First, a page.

Second, Setting.  To do an intervention in the slum is expensive.  To have our Day Care Centers on the edge of the slum means that we have to pay rent comparable to what we would pay in a small city in the United States.  It is much more expensive to serve inside the city rather than in the rural areas.   This is also true for our beneficiaries in that it takes a deeper intervention to help them afford their rent that is skyrocketing.

Third, Depth.  We believe the key to breaking the back of poverty is heart and mind transformation.  We do not believe in giving hand outs, and rather quite the opposite believe in seeing dignity restored and watching moms do much of the work as we partner alongside of them.  This does mean that we have to tailor our intervention to address individual personal needs dependent on the various needs of the family.  These needs might include severe malnutrition or disabilities or mental health issues or HIV or TB.   We also believe that we must have a depth of relationship with the moms of the project.  They have ownership in the project and they are known. This means that we have to go deep and intervene on a very personal level with moms.

A way that we counteract this expense is to break each family into 4 sponsorship slots of $34 per slot.  We know that its a stretch for many families to consider $136 per month, but $34 per month seems much more doable.  Together with others partnering, too, we see families sponsored.

3. How can our church get involved?  We strongly encourage church involvement.  We believe that prayer is a huge need in seeing moms break out of the poverty cycle and in seeing them come to know Christ.  We need Jesus followers all over the world who can pray for and encourage moms as they are making this break and coming to know Jesus’ love.  We need the church.  There are a few ways for churches to get involved.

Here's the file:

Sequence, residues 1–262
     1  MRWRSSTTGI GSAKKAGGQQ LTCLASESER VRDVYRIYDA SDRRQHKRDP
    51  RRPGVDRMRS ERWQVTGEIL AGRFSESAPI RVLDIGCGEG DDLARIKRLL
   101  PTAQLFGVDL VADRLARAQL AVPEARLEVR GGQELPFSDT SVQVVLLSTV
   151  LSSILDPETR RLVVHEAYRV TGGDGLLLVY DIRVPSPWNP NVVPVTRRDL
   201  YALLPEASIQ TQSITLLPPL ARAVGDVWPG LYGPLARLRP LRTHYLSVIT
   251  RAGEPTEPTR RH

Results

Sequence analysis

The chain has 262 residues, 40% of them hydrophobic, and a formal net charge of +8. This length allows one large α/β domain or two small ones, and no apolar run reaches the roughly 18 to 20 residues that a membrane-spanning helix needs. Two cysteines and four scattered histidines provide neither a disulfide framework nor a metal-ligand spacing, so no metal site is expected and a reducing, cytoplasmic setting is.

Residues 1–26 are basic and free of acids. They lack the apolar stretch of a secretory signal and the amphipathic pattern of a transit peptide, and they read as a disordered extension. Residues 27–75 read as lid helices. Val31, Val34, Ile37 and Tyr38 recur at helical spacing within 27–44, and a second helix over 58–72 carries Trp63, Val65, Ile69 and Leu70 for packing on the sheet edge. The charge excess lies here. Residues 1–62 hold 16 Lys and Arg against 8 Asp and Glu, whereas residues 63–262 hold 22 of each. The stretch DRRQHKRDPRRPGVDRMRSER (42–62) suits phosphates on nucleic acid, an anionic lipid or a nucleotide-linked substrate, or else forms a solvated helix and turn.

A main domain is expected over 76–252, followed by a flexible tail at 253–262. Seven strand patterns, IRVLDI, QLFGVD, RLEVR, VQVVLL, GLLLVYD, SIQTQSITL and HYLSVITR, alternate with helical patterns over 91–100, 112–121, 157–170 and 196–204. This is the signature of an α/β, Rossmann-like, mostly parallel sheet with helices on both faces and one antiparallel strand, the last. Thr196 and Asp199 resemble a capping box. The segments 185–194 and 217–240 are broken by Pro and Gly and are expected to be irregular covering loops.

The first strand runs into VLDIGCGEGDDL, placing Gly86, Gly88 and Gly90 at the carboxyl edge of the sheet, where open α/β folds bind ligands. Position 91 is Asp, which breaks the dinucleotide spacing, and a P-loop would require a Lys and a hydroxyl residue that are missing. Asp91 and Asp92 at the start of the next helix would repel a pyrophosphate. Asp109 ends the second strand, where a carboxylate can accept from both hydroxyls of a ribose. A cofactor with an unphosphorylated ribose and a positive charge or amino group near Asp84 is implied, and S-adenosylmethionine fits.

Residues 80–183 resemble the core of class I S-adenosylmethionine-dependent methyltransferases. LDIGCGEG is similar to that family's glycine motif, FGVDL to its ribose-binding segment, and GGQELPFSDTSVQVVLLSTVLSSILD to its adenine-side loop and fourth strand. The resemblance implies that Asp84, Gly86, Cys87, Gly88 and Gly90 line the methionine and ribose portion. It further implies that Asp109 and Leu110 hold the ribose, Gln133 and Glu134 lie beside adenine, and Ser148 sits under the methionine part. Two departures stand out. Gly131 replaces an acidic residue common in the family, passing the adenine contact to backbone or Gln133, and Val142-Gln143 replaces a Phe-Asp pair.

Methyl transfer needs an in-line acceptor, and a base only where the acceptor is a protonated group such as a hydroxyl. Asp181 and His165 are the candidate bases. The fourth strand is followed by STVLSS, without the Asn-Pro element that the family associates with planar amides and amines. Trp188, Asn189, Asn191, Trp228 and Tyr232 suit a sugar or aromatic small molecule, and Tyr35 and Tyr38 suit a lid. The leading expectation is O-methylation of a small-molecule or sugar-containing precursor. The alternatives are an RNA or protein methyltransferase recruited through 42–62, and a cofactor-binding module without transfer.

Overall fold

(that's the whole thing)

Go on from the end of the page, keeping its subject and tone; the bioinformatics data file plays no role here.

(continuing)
1.  Promoting Family Sponsorships.  Keeping family sponsorships in front of church members and asking them to jump in at least $34 per month to partner with a family.

2.  Church Partnerships.  As a church committing to see 3 families fully sponsored.  This could come from a missions budget or simply by agreeing to see families in the church stepping up to sponsor at least 3 families fully (which amounts to $408 per month).

3.  Collecting Physical Donations.  We go through a lot of clothing and shoes, etc. on the ground.  Churches can help us by doing clothing or book drives.  Contact us at info@EmbracingHopeEthiopia.com  for more information.

4.  Praying.  We need your prayers.  Our staff relies on them.  Our moms and children critically need them, too.

5.  Visiting Us.  If you are coming to Ethiopia on a mission trip, we’d love to have you stop in for a morning.  Contact us at info@EmbracingHopeEthiopia.com to arrange a visit.  We do need at least 24 hours notice and can only accommodate visitors between 8:30 am and 12 noon, Monday through Friday.

 

Next week we’ll address some of the questions about EHE moms that we get asked frequently.